There comes a time in most successful artists lives whereby, if they choose to accept mainstream success, they must willfully accept being handsomely rewarded by the "establishment." But living comfortably comes at a price, the least of which includes watching one's anti-establishment opinions. A better analogy may be how you don't embarrass your parents in public lest you be popped in the head. Questlove is learning this lesson the hard way from NBC after the second of two incidents culminated yesterday in the following tweet:
The brouhaha all began once this tweet was sent out to Questlove's over 1.2 million followers concerning the menu offerings at NBC's comissary yesterday. To anyone with a keen eye for hypocrisy in racial matters, having the lunch menu greet you with "In Honor Of Black History Month: Fried Chicken, Collard Greens, Smoked Turkey...Black Eyed Peas, Jalapeno Cornbread" is jarring. However, when interviewed by The Grio, chef Leslie Calhoun admitted that she "had finally been told that every Thursday for the month of February, she could serve whatever she chose" by the owners of the comissary--who are not NBC by the way--after obtaining approval after 8 years of asking. She seemed genuinely bewildered as to why this was an issue on the accompanying video. Word quickly spread to outlets such as the Huffington Post where it was prominently the top read story yesterday. NBC asked for the sign to be removed by Flick, the catering company who runs the comissary. It was. Wanda Sykes even had this to say about it on The Jay Leno Show. The question that still remains is this: why not own up to your mistake as soon as it was revealed? Why wait until the paper trail becomes more and more unmanageable before acknowledging your role in the matter?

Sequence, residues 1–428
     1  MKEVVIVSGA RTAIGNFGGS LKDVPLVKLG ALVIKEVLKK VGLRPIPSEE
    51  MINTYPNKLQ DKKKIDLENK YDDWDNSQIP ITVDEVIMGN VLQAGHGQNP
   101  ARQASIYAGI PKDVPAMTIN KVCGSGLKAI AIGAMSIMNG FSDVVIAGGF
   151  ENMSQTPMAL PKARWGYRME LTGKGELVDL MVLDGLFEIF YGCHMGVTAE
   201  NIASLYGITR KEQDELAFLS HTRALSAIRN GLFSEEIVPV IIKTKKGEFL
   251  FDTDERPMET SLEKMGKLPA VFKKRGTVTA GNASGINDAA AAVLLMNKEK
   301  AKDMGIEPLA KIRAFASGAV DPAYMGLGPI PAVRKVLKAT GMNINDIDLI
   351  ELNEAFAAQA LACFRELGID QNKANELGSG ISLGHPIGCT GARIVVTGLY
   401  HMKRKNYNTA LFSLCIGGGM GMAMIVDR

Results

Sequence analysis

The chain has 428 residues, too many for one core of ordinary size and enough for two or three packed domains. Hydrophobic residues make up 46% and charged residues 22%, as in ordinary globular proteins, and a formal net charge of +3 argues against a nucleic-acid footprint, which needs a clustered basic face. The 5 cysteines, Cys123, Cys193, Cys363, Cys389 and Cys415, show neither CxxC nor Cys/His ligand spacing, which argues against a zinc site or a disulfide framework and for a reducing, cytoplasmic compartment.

Now that the smoke has cleared, the only person who's been mum on the entire subject is the person who brought this to everyone's attention. Reportedly, The Grio attempted to contact Questlove, who did not respond to be calls to be interviewed. So now that all of this was a misunderstanding, wouldn't it make sense to send out another tweet, with the same ease as the original one, acknowledging your mistake? There were certainly tweets sent out from his account after he placed himself on "Twitter break."
Adding to this situation is the fact that NBC is none too pleased about a tweet sent from his account one week ago whereby he proclaimed that Conan O'Brien was sticking it to the man by forcing the network to pay $500,000 for a Beatles song that was used during the show's last episodes. Questlove was wrong and NBC was none too happy. Perhaps in showing solidarity to "Team Coco," Questlove was attempting to leak information--albeit incorrect--that would further put the network in more of an uncomfortable zone than it had been once the Leno-Conan war erupted.
So what does one do as an artist who has newly been accepted into the "establishment" do? You collect your check, you do your job, and you keep it in the family, straight Mafia-style. And after you remove your feet from your mouth, you own up to your mistakes as soon as you can. We still love you, but just make sure that when you sign on the dotted line, you know exactly what you're signing up for.